China, Germany, and other nations are, indeed, racing ahead of us to develop and produce the clean-energy technologies of the future. China is now a world leader in solar, wind, electric cars, and high-speed rail technologies. And China is the leading producer of solar photovoltaic cells even though the technology was invented and perfected in the United States. The U.S. market share of PV cell production dropped from 45 percent to under 10 percent between 1995 and 2005. But the investments sparked by ARRA, combined with legislation to reduce carbon pollution, will help the United States keep up this race.

America’s dependence on foreign oil hurts our economy, helps our enemies, and puts our security at risk. A recent CAP analysis found that one in five barrels of oil consumed in the United States come from nations that are “dangerous or unstable,” according to the U.S. State Department. It is essential that we invest in clean-energy technologies and reduce global warming pollution to lower American consumption of foreign oil. As conservative Senator Lindsey Graham (R-SC) recently noted, “The idea of not pricing carbon, in my view, means you’re not serious about energy independence. The odd thing is you’ll never have energy independence until you clean up the air, and you’ll never clean up the air until you price carbon.”

Clean-energy reform has united many Democrats and some Republicans, progressives and conservatives, blue states and red states. A poll released last week by Republican pollster Frank Luntz found that 43 percent of Republicans “definitely” or “probably” “believe climate change is caused at least in part by humans.” Another poll out last week by Joel Benenson, President Obama’s 2008 pollster, found that 58 percent of likely 2010 voters support comprehensive global warming legislation as well. Respondents also said they were much more likely to vote for senators who supported such legislation and more likely to oppose those that do not. These two polls and others are evidence that Americans across the political spectrum want clean-energy and global warming legislation.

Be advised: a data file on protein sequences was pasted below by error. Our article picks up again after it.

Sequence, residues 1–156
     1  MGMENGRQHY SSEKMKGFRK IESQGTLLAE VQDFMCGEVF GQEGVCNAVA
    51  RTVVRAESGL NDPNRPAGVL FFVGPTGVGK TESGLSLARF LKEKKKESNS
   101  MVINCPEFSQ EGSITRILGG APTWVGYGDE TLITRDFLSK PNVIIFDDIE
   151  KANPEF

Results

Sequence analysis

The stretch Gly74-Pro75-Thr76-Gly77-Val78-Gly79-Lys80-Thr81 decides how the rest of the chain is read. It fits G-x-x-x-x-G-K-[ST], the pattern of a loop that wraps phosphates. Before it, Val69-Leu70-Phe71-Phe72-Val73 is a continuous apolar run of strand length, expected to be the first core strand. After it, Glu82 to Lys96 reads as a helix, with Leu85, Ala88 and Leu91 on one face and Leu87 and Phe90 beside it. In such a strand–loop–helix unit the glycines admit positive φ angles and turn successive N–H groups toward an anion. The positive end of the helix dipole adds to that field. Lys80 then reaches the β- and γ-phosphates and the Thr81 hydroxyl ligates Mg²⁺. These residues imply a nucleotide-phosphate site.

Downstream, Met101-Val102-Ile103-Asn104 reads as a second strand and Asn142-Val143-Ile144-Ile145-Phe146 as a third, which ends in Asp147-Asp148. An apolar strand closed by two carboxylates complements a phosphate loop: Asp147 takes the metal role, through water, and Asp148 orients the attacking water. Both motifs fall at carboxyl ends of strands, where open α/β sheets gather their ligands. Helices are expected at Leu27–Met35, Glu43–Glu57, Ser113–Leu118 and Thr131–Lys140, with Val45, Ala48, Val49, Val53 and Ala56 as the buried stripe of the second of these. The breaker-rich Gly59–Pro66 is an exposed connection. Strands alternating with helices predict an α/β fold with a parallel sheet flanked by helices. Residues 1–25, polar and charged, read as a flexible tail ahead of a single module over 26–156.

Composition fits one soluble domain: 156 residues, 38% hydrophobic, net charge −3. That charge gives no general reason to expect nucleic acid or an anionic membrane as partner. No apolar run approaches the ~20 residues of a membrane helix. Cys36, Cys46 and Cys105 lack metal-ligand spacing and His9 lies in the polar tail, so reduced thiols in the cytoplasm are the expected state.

New Virginia Governor Bob McDonnell delivered the Republican response to the State of the Union and urged adoption of Bush-Cheney-Palin energy policies. His energy plan would primarily rely on more offshore oil drilling and higher oil company profits, while opposing reductions in global warming pollution. Following big oil’s agenda by pursuing offshore oil drilling is no panacea for our oil dependence. The Department of Energy determined that even drilling for oil and gas in the newly opened Outer Continental Shelf and the expansion of shale gas production would still require liquid fuel imports of 45 percent in 2035. The most cost-effective solution is to reduce demand for oil by making cars and trucks much more fuel efficient, and to transition to cleaner nonoil fuels, including electricity, natural gas, and advanced clean bio fuels.

The State of the Union showcased President Obama’s leadership and the need for moderate senators of both parties to cooperate to adopt comprehensive clean-energy and global warming legislation that would create jobs, increase energy security, cut pollution, and increase economic competitiveness.

Daniel J. Weiss is a Senior Fellow and Director of Climate Strategy and Susan Lyon is a Special Assistant for Energy Policy at American Progress.

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Daniel J. Weiss

Senior Fellow